Prescription charges will fall again in April after SNP proposals to cut the costs to £3 and to scrap them completely next year won Holyrood backing.
The move which will support 600,000 people was opposed by the Lib Dems and Conservatives. Despite claiming to support the reduction Labour later voted against funding for the package.
Charges for ordinary prescriptions will fall to £3 from the beginning of April with prepayment certificates falling to £10 for a three month prescription.
SNP health Minister Shona Robison said:
“We’re committed to scrapping prescription charges and removing this tax on ill-health, which hits those on low incomes hardest. We want our national health service to be restored to its founding principles – free at the point of delivery and based on clinical need, not ability to pay.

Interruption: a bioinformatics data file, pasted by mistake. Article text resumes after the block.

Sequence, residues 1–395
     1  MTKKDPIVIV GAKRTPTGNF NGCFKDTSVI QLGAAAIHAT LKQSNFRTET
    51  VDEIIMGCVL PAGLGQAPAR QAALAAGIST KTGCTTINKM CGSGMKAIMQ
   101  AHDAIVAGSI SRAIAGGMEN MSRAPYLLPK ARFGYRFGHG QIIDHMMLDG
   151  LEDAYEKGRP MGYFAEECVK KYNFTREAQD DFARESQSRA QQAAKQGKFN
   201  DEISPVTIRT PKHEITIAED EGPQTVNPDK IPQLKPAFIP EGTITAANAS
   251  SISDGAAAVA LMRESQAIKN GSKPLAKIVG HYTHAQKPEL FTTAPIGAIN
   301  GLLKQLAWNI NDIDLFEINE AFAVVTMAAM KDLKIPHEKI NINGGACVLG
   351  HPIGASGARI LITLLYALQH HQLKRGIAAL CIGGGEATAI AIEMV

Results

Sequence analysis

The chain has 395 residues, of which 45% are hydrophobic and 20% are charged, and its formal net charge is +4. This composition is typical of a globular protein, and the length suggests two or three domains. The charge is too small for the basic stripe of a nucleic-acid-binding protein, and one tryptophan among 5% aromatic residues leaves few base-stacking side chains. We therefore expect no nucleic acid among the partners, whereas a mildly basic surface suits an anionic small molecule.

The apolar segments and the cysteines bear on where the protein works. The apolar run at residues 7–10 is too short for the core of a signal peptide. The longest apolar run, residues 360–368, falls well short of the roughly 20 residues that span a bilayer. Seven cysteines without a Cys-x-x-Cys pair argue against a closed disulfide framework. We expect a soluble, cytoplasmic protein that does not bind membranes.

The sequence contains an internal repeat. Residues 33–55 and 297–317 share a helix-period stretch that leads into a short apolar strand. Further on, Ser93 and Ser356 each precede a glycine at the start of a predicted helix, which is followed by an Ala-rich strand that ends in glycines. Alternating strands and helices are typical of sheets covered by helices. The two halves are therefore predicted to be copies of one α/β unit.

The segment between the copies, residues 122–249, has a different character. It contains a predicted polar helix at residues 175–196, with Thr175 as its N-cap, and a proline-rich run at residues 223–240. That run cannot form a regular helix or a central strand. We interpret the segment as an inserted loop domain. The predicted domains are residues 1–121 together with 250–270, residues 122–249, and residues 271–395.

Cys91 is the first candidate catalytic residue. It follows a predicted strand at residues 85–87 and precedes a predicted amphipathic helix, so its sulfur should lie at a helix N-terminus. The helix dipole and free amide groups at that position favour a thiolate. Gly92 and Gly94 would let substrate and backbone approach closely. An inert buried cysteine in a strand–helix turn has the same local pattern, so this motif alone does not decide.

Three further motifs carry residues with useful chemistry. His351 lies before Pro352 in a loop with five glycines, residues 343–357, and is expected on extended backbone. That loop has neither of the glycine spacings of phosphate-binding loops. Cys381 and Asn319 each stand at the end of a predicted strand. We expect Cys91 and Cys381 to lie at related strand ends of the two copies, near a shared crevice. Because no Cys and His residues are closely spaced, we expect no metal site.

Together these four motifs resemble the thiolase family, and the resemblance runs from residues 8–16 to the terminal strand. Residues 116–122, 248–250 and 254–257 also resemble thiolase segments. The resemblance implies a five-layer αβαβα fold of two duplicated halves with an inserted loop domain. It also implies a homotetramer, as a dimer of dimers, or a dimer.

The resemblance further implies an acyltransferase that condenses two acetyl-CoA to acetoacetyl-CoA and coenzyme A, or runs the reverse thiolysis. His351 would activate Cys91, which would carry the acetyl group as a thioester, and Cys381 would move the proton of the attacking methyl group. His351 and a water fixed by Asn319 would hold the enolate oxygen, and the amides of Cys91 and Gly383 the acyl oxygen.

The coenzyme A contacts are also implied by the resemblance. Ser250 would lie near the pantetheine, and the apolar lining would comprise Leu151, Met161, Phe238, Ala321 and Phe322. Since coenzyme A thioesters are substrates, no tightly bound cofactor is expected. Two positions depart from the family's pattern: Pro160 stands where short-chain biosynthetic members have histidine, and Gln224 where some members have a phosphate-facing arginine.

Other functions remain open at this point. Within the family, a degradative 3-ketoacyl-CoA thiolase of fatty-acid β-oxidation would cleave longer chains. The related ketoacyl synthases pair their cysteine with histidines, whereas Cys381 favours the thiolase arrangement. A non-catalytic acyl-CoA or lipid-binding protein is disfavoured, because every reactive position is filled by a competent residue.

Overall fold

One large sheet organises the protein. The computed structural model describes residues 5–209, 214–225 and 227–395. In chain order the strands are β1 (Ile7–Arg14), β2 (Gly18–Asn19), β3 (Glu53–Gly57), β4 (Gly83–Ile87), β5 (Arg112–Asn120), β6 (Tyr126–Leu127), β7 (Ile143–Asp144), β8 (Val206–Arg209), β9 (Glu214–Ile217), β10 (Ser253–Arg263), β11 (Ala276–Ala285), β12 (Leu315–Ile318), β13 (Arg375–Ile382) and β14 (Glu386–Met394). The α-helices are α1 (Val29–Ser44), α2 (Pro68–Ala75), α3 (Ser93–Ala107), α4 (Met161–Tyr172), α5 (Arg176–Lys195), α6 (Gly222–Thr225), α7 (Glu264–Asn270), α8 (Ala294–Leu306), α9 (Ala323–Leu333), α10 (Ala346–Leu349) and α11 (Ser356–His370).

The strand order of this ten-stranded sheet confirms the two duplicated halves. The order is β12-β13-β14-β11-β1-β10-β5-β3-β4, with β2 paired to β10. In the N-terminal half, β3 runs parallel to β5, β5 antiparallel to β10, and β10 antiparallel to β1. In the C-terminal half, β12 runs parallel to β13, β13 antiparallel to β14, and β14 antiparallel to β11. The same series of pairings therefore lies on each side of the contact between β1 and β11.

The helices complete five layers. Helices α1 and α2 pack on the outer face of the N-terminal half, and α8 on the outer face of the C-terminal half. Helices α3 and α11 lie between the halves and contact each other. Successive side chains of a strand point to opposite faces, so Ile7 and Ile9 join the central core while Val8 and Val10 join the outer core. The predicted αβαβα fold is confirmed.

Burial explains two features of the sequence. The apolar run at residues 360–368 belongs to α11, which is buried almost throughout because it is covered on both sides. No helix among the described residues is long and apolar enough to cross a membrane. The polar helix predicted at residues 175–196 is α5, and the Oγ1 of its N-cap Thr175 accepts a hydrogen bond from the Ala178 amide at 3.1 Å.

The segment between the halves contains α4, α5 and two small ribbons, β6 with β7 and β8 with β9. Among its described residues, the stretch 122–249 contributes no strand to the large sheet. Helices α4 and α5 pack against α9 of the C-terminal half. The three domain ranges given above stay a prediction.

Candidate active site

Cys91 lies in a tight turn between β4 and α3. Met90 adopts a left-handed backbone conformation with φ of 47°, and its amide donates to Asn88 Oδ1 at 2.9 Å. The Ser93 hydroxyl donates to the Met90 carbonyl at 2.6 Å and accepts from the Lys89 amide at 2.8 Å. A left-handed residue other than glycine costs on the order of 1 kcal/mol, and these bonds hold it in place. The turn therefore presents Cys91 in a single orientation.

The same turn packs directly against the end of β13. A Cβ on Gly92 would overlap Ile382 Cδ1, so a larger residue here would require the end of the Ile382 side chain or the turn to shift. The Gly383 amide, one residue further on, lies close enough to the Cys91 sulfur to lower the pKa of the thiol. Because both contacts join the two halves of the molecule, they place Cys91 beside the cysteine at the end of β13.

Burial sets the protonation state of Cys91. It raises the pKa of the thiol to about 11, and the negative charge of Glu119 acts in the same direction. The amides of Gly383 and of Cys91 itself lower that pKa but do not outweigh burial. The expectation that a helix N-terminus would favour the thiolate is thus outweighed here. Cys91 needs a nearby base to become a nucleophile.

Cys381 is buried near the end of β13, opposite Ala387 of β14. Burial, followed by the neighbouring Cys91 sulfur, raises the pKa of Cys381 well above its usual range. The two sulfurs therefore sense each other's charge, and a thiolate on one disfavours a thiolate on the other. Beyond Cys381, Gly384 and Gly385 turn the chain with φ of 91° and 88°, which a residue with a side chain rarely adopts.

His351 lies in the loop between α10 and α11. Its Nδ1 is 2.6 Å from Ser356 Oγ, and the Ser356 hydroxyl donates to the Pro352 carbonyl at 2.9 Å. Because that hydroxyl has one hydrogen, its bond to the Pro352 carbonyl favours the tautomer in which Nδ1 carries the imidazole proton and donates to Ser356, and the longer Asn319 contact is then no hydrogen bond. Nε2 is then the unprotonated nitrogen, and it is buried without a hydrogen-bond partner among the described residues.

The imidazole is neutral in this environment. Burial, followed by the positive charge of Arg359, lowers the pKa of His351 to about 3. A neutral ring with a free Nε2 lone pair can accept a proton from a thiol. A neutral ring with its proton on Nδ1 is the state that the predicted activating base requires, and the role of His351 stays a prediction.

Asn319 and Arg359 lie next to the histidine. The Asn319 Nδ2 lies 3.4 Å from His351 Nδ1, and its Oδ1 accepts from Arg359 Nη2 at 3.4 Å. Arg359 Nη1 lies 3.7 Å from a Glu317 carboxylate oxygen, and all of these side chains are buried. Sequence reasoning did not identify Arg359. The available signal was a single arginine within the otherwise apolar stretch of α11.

“We’ve already made huge progress – reducing charges from 6.85 pounds in April 2008 to 3 pounds from April, with parliamentary approval – and next year will move to abolish this arbitrary tax altogether.
“With Scotland’s record of ill-health and our appalling health inequalities, it’s vital that we do all we can to help people get the health help they need – not put further financial hurdles in their way.”
Former GP Dr Ian McKee backed the move:
“I am astonished other parties can oppose this essential help for people across the country. As a GP I saw too many people fail to claim their prescriptions because they couldn’t afford them.
“It is a real contrast that while the SNP is cutting prescription charges Labour are back tracking on promises made to cut costs in England and the Tories and Lib Dems are looking to put this tax on ill health back up not down.”